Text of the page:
This year, I worked exclusively with Hogue Knives. Because both fixed-blade and replaceable-blade knives have their place, I used the Hogue Extrak Fixed-Blade Knife and the Hogue Expel Scalpel Knife on all my hunts.
While both fixed-blade and replaceable-blade knives have their advantages and disadvantages, there are several reasons why a fixed-blade knife might be considered better for mountain hunting:
- Durability: Fixed-blade knives are typically more durable than their replaceable-blade counterparts. They lack the additional moving parts that can potentially fail, making them better suited to handle the rigours of mountain hunting.
- Strength and Reliability: Fixed-blade knives are usually more robust and reliable than replaceable ones. They are better equipped to handle heavy-duty tasks like cutting through tough animal hide, bone and other materials typically encountered during hunting. If you need to work with wood for any reason, you’ll appreciate having a “real blade.”
- Safety: In terms of safety, fixed-blade knives are generally considered to be more secure because they do not have any moving parts that might break or malfunction during use. This can prevent accidents that may occur when a blade unexpectedly detaches from a knife during a critical moment. The fact that a fixed-blade knife can be sharp without being as crazy-sharp as a scalpel is a positive. For this reason, I let my daughter cut with the Extrak but not with the Expel Scalpel knife.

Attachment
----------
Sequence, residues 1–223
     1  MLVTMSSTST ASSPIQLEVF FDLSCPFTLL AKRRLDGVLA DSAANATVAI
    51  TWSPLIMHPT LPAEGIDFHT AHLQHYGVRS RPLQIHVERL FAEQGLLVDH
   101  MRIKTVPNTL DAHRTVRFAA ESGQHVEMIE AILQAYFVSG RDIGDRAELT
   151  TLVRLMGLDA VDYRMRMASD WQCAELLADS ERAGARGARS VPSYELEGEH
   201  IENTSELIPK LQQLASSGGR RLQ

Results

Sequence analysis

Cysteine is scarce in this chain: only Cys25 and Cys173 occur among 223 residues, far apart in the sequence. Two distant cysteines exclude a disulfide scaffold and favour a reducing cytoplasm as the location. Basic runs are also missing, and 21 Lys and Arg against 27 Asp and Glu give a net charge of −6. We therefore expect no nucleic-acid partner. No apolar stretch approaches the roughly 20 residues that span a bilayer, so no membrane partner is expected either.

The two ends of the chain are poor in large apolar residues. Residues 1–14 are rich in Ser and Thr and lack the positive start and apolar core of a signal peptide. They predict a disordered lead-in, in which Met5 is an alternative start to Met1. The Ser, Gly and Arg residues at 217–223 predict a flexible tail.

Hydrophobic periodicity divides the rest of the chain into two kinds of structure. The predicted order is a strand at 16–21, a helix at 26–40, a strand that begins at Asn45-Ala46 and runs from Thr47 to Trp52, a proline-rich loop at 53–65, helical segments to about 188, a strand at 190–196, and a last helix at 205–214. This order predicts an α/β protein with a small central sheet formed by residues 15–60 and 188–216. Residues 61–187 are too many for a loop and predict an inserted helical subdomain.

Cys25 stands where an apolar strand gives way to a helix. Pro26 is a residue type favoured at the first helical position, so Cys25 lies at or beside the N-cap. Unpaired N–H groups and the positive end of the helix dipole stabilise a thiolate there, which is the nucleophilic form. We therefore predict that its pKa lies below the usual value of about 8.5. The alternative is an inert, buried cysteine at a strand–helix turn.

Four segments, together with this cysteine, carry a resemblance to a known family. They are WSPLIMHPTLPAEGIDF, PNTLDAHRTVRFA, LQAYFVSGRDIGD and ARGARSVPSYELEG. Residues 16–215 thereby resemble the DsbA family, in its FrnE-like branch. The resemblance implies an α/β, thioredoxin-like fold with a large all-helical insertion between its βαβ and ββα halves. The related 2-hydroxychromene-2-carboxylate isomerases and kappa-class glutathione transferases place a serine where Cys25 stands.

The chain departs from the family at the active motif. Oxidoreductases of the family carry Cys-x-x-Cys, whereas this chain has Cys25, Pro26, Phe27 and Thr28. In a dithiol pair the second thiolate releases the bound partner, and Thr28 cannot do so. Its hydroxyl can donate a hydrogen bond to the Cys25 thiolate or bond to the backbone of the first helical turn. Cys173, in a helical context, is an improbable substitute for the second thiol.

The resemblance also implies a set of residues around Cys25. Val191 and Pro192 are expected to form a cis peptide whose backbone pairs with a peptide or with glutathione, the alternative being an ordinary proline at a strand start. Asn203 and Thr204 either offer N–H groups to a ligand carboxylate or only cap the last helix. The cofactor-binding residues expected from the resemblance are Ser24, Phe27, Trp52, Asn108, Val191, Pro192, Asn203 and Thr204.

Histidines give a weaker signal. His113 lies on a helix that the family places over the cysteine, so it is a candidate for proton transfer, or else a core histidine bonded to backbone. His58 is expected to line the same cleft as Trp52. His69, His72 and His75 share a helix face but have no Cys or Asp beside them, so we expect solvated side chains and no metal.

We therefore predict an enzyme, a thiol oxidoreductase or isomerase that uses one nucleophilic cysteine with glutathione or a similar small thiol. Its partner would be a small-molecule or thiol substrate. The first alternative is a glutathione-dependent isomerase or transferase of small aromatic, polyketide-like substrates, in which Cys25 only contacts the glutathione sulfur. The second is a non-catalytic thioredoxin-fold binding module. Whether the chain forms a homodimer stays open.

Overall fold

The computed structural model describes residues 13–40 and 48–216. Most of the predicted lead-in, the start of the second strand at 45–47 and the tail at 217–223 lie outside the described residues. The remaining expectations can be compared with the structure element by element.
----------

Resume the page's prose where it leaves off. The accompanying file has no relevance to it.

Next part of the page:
- Versatility: Fixed-blade knives are often more versatile in terms of their applications. They can be used for various tasks beyond just skinning and field dressing, such as splitting wood, building shelters, or preparing meals in the wilderness.
However, it’s essential to note that there are also advantages to using a replaceable-blade knife, such as the convenience of quickly changing out a dull blade for a sharp one without the need for sharpening tools. This can be particularly helpful when maintaining a consistently sharp edge during extended hunting trips.
Ultimately, the choice between a fixed blade and a replaceable-blade knife for mountain hunting depends on personal preference, specific hunting needs, and the individual’s comfort and familiarity with the tool. I prefer to carry both knives to ensure I have my bases covered. Because both knives are built with the mountain hunter in mind, the weight penalty for carrying two knives is negligible.